Over the course of the school year, I have been lucky enough to attend multiple professional development sessions. Whenever I leave the room, at the end of a day of professional learning, I always think, “That’s great, but how can I make that work for me?”
There are a lot of great teachers out there, who are doing some pretty incredible things. They seem to have found a way to invest their students’ interests into the learning taking place in their classrooms, brought in resources to implement innovative teaching methods, and captured the spirit of learning through unique programming. Simply put, people – teachers and students – are doing great things in classrooms.
While watching presentations, I can usually understand the underlying idea behind the pedagogy being elucidated. It might be my failing as a student, but rarely can I pinpoint the methodology used to make the idea a reality. All too often, I just pack up my stuff and leave feeling like I missed something crucial.
After thinking about it for a while, I’ve come to this temporary conclusion: there are too many different factors. What I mean by this is that each classroom is different; every teacher, every student, every interaction, every relationship – all of the things that go into the makeup of any learning environment.
For example, my default is a chalk-and-talk teaching style. I find that I learn best when I’m sitting quietly at a table taking notes during a lecture. I don’t want to get up, walk around, and interact with the other students. I want to be immersed in ideas by myself. It’s not that I don’t value collaboration but I want that reserved for the times when I’m making ideas a reality.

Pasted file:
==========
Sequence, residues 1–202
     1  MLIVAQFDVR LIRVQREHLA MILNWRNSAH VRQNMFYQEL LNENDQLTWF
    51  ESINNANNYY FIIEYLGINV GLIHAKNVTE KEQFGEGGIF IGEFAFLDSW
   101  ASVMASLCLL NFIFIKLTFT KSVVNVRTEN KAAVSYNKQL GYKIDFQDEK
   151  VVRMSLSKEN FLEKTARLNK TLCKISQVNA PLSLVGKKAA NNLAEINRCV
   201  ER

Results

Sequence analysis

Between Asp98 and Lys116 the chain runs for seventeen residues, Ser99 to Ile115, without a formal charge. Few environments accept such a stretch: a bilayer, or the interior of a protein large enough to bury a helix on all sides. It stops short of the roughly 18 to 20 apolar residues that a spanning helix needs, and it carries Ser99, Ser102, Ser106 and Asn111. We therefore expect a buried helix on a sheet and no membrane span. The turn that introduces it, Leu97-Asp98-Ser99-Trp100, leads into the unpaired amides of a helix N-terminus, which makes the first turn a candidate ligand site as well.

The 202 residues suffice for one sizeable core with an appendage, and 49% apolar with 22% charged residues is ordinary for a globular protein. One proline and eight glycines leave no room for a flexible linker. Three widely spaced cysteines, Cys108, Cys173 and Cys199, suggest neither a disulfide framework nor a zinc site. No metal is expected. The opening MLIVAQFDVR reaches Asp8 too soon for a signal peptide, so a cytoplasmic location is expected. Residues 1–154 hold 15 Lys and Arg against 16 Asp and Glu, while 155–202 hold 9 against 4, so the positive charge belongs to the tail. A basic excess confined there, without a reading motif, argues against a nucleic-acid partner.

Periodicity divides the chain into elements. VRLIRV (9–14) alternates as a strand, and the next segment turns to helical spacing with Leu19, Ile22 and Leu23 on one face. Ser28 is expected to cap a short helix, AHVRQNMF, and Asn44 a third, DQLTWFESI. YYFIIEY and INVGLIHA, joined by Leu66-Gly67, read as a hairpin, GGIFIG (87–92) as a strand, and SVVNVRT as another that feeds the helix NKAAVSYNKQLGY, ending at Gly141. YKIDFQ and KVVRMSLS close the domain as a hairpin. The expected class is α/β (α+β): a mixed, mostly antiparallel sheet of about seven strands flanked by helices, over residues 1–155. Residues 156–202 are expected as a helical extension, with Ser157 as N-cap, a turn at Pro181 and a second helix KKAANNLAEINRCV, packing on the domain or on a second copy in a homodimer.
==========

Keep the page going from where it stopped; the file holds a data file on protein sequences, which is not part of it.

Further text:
The impact that this has on my teaching is that I prefer to stand at the front of the classroom and spout off for as long as I need to. Unfortunately, most students don’t learn this way. It’s up to me to adjust, I agree.
When you tell me that flexible seating is conducive to learning, I’ll listen, agree with your data, and applaud your ability to implement it. What I won’t understand is how you manage your classroom or even how you decided on what pieces of furniture to purchase. I’ll be in awe of your ability to implement a fantastic idea, which I’ll think about in my apartment that has been furnished by my mother.
I don’t know what to do with the information that you’ve given, about flexible seating or anything else, because I can’t envision it working. How am I supposed to respond to students’ voice when I have a curriculum to get through? Even implementing a tech-rich program, something that I’m interested in, is a confounding notion.
The reality is that there is a limit to the resources and time available to do anything. As I move through my career, I should be reflecting on my craft and making changes where necessary. I have to accept that it won’t always work and that it’ll never be perfect. What I’m able to accomplish is dictated by my ability to be creative within my confines.
When I attend professional development sessions, much like what I think students expect of me when I program a lesson, I want to know what the reasonable limits are to what I can accomplish and what tools I need in order to realize the vision presented to me during the session. Then, too, I want to leave with some tools in hand to get me started in the context of not the ideal classroom but the one that I work with my students in.